Do Filters Reduce CFM? An Expert's Guide to Finding the Right Balance

When it comes to air filters, it's essential to understand how they affect the airflow of your HVAC system. Each filter size provides different resistance to each size and style of fan placed in it, and a filter with the maximum exhaust CFM rating has approximately 0.7 wg. All fans will have a lower CFM at a higher pressure, and in general, dust filters reduce airflow. Depending on the type of filter, it can be as low as half the airflow that fans are made for.

It's important to note that some people use static pressure fans when they have filters, but in general, a filter with a higher MERV rating will reduce airflow. However, there are many other factors at play, such as the size of the filter and the type of fan motor in your HVAC system. This usually coincides with a higher MERV rating; however, this also means that the filter is a bit more restrictive and that the air flow through it is lower. When looking for air filters, air filters with more pleats will allow for greater airflow, all things being equal. While it is true that the more the air filter traps, the more effective it will be at capturing more particles, it will end up becoming too charged, at which point the air flow could be zero and extremely restrictive.

The denser the fabric or the thickness of the filter material, the more particles and contaminants the filter can trap. The higher the MERV rating, the more efficient the filter is at filtering and capturing particles and contaminants from the air. The amount of HVAC airflow slowed by the filter is equivalent to the filter pressure drop. You don't want to buy an industrial pleated filter and install it in your home, as that will cause the system to overcharge and eventually break down. If you're trying to choose the right air filter, you might be wondering if pleated air filters restrict airflow to your air conditioning system.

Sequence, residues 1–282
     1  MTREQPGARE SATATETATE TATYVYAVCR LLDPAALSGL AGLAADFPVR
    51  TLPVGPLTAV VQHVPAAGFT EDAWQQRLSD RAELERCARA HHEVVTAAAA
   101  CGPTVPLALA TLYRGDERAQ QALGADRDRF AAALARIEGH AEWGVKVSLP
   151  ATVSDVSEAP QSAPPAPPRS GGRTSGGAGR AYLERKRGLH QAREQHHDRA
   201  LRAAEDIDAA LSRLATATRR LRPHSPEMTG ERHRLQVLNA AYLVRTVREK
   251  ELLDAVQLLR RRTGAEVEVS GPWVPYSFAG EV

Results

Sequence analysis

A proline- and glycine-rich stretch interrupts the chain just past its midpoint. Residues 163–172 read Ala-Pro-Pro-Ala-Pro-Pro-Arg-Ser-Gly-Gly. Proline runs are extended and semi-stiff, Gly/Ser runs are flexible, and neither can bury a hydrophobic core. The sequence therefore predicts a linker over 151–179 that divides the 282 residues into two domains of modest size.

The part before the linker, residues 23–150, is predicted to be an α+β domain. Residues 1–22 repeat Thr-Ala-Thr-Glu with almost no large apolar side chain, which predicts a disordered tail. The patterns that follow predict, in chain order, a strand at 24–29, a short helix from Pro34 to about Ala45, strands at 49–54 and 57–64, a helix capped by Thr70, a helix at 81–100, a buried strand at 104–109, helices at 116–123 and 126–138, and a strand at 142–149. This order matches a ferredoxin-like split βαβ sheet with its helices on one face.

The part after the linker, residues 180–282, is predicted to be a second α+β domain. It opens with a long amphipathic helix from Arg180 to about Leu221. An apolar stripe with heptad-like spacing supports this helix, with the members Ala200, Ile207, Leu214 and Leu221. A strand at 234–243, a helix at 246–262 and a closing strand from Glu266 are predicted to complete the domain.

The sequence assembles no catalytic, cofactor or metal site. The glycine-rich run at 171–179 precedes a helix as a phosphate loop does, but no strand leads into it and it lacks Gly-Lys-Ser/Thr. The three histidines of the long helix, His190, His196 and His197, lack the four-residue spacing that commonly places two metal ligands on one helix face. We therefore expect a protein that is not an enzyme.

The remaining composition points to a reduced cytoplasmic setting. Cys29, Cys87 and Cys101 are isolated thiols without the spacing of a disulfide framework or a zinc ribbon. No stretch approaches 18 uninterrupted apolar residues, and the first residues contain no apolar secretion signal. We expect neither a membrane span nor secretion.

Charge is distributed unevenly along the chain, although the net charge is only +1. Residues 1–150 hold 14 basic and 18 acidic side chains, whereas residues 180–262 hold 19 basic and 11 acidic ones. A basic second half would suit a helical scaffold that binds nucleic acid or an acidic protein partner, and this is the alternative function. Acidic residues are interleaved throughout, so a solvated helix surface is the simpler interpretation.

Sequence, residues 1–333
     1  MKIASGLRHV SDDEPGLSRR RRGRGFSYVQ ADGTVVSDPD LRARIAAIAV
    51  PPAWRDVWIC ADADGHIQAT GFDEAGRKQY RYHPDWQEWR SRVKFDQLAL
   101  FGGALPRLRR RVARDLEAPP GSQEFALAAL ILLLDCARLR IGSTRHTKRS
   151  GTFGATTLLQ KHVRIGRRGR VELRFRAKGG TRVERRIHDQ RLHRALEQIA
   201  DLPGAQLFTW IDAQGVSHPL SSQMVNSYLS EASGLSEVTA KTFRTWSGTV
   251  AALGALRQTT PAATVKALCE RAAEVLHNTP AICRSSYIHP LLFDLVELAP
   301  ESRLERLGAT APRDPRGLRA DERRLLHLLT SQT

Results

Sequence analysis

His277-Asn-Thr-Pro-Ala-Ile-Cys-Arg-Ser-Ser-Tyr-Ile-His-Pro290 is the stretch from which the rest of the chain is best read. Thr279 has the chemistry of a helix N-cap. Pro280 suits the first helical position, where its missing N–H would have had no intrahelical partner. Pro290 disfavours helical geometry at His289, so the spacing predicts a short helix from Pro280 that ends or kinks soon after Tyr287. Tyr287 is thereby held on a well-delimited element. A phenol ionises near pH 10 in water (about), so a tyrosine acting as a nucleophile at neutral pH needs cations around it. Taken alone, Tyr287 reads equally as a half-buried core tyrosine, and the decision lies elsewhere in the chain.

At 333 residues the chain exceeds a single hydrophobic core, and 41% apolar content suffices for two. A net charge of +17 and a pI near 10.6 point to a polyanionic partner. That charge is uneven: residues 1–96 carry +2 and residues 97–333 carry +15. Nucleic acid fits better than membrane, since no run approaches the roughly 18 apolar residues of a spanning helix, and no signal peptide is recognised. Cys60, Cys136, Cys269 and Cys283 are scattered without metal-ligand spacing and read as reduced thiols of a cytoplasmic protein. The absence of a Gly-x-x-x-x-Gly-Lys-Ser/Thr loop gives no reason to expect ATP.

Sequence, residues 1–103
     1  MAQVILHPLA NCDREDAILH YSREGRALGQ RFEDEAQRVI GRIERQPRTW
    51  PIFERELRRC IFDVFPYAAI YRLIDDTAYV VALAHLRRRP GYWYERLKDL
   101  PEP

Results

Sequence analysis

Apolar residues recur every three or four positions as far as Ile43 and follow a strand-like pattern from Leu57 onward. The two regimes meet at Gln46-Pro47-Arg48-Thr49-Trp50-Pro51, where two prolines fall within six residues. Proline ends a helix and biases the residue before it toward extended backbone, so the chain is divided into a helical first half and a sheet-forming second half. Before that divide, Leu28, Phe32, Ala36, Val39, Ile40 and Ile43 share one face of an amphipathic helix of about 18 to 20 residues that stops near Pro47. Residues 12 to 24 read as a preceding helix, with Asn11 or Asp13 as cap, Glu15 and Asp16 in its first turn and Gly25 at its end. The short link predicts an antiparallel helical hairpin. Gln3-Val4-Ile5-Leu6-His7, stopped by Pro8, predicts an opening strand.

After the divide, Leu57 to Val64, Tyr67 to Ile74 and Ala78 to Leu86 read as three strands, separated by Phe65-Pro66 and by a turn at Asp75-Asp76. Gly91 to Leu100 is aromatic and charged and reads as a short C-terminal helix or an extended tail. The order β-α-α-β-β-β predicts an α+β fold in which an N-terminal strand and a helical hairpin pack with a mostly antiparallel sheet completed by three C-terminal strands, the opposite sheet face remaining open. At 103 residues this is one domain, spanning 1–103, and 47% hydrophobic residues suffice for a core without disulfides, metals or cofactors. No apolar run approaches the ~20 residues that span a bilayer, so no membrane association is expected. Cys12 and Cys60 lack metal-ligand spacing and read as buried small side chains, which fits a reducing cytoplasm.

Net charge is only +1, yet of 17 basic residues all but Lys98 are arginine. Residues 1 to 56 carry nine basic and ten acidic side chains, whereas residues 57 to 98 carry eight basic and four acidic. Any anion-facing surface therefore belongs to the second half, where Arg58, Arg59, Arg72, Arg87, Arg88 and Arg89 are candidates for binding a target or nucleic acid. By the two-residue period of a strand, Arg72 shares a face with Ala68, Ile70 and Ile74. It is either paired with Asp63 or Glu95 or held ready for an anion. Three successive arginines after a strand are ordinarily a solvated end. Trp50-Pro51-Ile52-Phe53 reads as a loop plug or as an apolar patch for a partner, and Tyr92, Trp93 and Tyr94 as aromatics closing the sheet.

All filters restrict airflow to a certain extent because, in all cases, air has to pass through the filter so that the unit can remove particles from the atmosphere. However, we use a pleated accordion-like material which allows us to effectively increase the filter surface without causing a large drop in pressure or restricting air flow. The pressure drop of an air filter is the measure of resistance to air passing through the filter. For example, a household pleated filter using synthetic media will have a lower pressure drop than a glass microfiber filter used in critical environments such as hospitals and data centers. Many people don't realize how a filter with a high MERV rating will affect other parts of their HVAC system. A higher MERV rating means that more particles are being trapped by your air filter; however, this also means that there is less airflow passing through your system.

This can lead to an increase in energy costs as your HVAC system has to work harder to maintain its temperature settings. When selecting an air filter for your home or business, it's important to consider both its efficiency and its effect on airflow. A higher MERV rating may mean better filtration but could also mean reduced airflow and increased energy costs. Finding a balance between efficiency and cost-effectiveness is key when selecting an air filter.